May 9th, 2013 / 8:17 am
Author News

7 more points on Barry N. Malzberg

Back on April 1st, I reviewed three of Barry N. Malzberg’s brilliant 1970s novels: Beyond Apollo (1972), The Men Inside (1972), and Galaxies (1975). The post provoked some interesting responses that I’d like to highlight.

1. Beyond Apollo is currently being adapted into a feature-length film. Bill Pullman has been cast as the Captain, which seems to me an excellent choice. The project’s only in pre-production, though, so we may not make it to Venus. (You can read more about the project at Bloody Disgusting.)

2. Derik Badman pointed out that several Malzberg titles are coming back into print in Kindle eBook editions, including Galaxies and Herovit’s World (1973), among others.

3. Audible editions are also becoming available: Beyond Apollo, Herovit’s World, Underlay (1974), The Sodom and Gomorrah Business (1974), Guernica Night (1974), and Galaxies, among others.

4. In my review, I noted how Malzberg referenced several of his contemporaries in Galaxies—Donald Barthelme, John Cheever, Philip Roth, Joyce Carol Oates—then wondered whether any of them had read him. Well, according to Jeffrey Canino:

Joyce Carol Oates did read Malzberg: in 1975 she reviewed his excellent SF novel Guernica Night for The New York Times. She was rather complimentary, noting that its concerns were “poetic and philosophical” while bemoaning the default categorization that SF like this suffers, regardless of merit, from general fiction-reading audiences. This review was, I believe the only major piece of critical attention Malzberg received outside of the field.

I found a copy of the review in ProQuest; it ran on 21 September, 1975 (“A Speculative Fiction”).

5. Oates’s recent anthology New Jersey Noir (2011) also contains a piece by Malzberg. I believe that volume is available only as a Kindle eBook?

6. While poking around in the Times, I came across an 8 March 1987 letter to the editor by Malzberg, regarding Harold Bloom’s critique of Thomas Wolfe:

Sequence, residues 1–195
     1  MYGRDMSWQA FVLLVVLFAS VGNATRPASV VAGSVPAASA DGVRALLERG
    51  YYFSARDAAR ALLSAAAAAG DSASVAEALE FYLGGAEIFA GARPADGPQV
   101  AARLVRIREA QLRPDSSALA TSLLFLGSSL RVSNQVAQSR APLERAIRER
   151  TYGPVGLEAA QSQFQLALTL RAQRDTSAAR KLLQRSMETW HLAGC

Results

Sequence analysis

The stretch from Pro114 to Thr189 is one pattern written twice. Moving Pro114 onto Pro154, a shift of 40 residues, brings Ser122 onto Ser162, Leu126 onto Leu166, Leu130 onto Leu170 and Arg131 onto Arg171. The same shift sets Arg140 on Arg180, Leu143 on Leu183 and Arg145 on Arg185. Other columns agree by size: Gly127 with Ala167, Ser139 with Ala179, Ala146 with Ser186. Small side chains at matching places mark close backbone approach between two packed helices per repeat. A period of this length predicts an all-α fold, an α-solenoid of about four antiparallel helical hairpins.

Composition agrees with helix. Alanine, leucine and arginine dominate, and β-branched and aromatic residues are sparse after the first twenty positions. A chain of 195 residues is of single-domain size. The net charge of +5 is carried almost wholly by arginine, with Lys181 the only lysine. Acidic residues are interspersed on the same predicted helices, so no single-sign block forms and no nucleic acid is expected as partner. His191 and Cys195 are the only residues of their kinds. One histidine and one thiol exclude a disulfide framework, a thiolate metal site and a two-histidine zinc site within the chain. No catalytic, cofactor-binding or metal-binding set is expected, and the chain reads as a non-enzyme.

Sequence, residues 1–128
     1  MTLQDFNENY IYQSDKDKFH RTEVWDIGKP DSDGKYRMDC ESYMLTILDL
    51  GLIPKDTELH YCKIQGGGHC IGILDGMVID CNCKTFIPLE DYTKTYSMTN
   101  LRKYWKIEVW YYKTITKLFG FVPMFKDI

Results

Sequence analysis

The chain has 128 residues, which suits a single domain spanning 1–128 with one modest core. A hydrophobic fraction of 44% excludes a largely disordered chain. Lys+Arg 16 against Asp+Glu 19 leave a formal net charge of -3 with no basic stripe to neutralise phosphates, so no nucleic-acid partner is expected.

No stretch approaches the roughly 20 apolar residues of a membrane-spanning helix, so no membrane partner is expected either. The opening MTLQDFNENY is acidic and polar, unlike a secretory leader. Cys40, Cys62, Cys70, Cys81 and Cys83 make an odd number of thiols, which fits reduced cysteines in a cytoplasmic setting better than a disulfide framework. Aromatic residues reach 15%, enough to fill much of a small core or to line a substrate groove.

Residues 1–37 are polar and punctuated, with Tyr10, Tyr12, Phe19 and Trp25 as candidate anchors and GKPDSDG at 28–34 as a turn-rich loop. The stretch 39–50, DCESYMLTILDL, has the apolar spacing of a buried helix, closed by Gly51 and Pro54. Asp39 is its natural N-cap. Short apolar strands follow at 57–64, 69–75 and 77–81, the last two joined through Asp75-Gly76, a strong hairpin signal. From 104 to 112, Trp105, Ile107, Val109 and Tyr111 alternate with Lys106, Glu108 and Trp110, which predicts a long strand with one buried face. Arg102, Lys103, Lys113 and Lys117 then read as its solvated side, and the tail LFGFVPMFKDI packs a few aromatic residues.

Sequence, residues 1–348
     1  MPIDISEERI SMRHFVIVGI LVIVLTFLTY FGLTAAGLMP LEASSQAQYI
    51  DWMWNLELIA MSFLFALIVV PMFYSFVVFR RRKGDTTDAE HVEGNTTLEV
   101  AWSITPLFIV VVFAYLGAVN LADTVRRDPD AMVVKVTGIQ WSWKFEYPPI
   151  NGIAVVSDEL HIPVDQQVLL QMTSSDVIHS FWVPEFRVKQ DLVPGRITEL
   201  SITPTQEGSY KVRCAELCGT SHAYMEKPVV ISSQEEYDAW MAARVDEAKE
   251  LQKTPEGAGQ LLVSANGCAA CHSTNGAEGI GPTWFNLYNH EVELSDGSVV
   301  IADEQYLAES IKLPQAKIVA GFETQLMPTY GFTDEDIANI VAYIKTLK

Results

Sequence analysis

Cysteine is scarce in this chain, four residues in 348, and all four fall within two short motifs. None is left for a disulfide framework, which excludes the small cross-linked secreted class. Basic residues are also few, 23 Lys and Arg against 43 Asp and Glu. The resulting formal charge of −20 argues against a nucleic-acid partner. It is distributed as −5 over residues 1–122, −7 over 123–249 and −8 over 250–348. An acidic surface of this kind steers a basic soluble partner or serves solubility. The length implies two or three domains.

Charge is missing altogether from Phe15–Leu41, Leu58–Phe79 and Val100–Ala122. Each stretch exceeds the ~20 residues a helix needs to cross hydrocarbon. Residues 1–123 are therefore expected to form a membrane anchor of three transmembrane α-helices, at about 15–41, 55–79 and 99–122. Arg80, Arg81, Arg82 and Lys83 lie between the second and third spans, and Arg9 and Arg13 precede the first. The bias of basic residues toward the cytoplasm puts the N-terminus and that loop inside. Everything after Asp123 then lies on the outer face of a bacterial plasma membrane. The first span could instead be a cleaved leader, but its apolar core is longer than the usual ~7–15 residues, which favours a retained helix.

But before we leave the word “unreadable” as the final judgment on Wolfe’s prose, it ought to be noted that buried in the many millions of words of edited or unedited garbage is a short piece (extracted for a collection) called “Only the Dead Know Brooklyn,” which, I submit, is one of the great American short stories.

7. Finally, here are two lengthy Malzberg bibliographies I’ve found. The first is at the Internet Speculative Fiction Database, and the second one is from an old Geocities site. (I haven’t cross-referenced them, though—yet!)

Happy reading!

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  1. Daniel Pecznik

      hmm… apparently he wrote pulpy noir stuff too, under the pseudonym
      Mike Barry. I wonder what’s that like? Richard Stark meets Coover?

  2. Matt Rowan

      Once again, Adam, you’ve put me on to someone I wasn’t previously familiar with but absolutely, definitely should be. Which of these three novels would you recommend I check out first?

  3. A D Jameson

      I know of the following pseudonyms: Mike Barry, Francine di Natale, Claudine Dumas, M. L. Johnson, Mel Johnson, Howard Lee, Lee W. Mason, K. M. O’Donnell, and Gerrold Watkins.

  4. A D Jameson

      Galaxies is my personal favorite, but I love all three, and they all have their champions. Beyond Apollo probably makes for an easier place to start (at least stylistically), and the movie version may be coming soon!

  5. Matt Rowan

      Yeah, I think Beyond Apollo is the one I’ll go for, based on what I’m reading of it.

  6. A D Jameson

      I’ll cast you as the Captain in my home movie adaptation.

  7. PeterLandau

      Barry N. Malzberg sounds like a pseudonym. It may be his greatest invention. Thanks for the update.

  8. Nick Mamatas

      New Jersey Noir is of course also available as a paperback.

  9. A D Jameson

      Oh, thanks! For some reason I could find only the eBook version.

  10. Matt Rowan


  11. Don

      This guy reads like a character in a Thomas Pynchon novel OR as an alter-ego of Mr. Pynchon himself.

  12. Zack Wentz

      It is deeply heartening to see Barry covered here! I’ve been pressing his work on people for decades now (M.Grodner among them–cross your fingers for the movie!), and it seems in just the last few years his name has been popping up more frequently online.

      His work is *painfully* overdue for rediscovery.

      Nonstop has a “Very Best Of” that seems to have been delayed for over a year (although I do know someone with a galley). If they aren’t going to get around to it, would love to see someone like NYRB take it on (they’ve done Priest and Sheckley, so why not?).

      The ISFDB has a fairly thorough Malzberg bibliography, but the best is actually a 120 page pamphlet put out by Galactic Central (Volume 58, BARRY N. MALZBERG: DWELLER IN THE DEEPS). Might still be available.

      GALAXIES was my first as well! Difficult to say what of his work is finest. REVELATIONS is certainly up there w/the other “astronaut” books. His non-SF novel UNDERLAY is outstanding, and completely overlooked (ranks with the best Hawkes, Gass, Coover easily). BREAKFAST IN THE RUINS is (of course) essential. One of most intensely “real” books about being a writer (of SF, or otherwise) written in the last 50 years.

      At any rate, thank you very much for bringing attention to this modern master, Mr. Jameson.

      PS: RE: Cheever: Malzberg has been interviewed by Cheever’s son Benjamin more than once. One of the interviews is available online.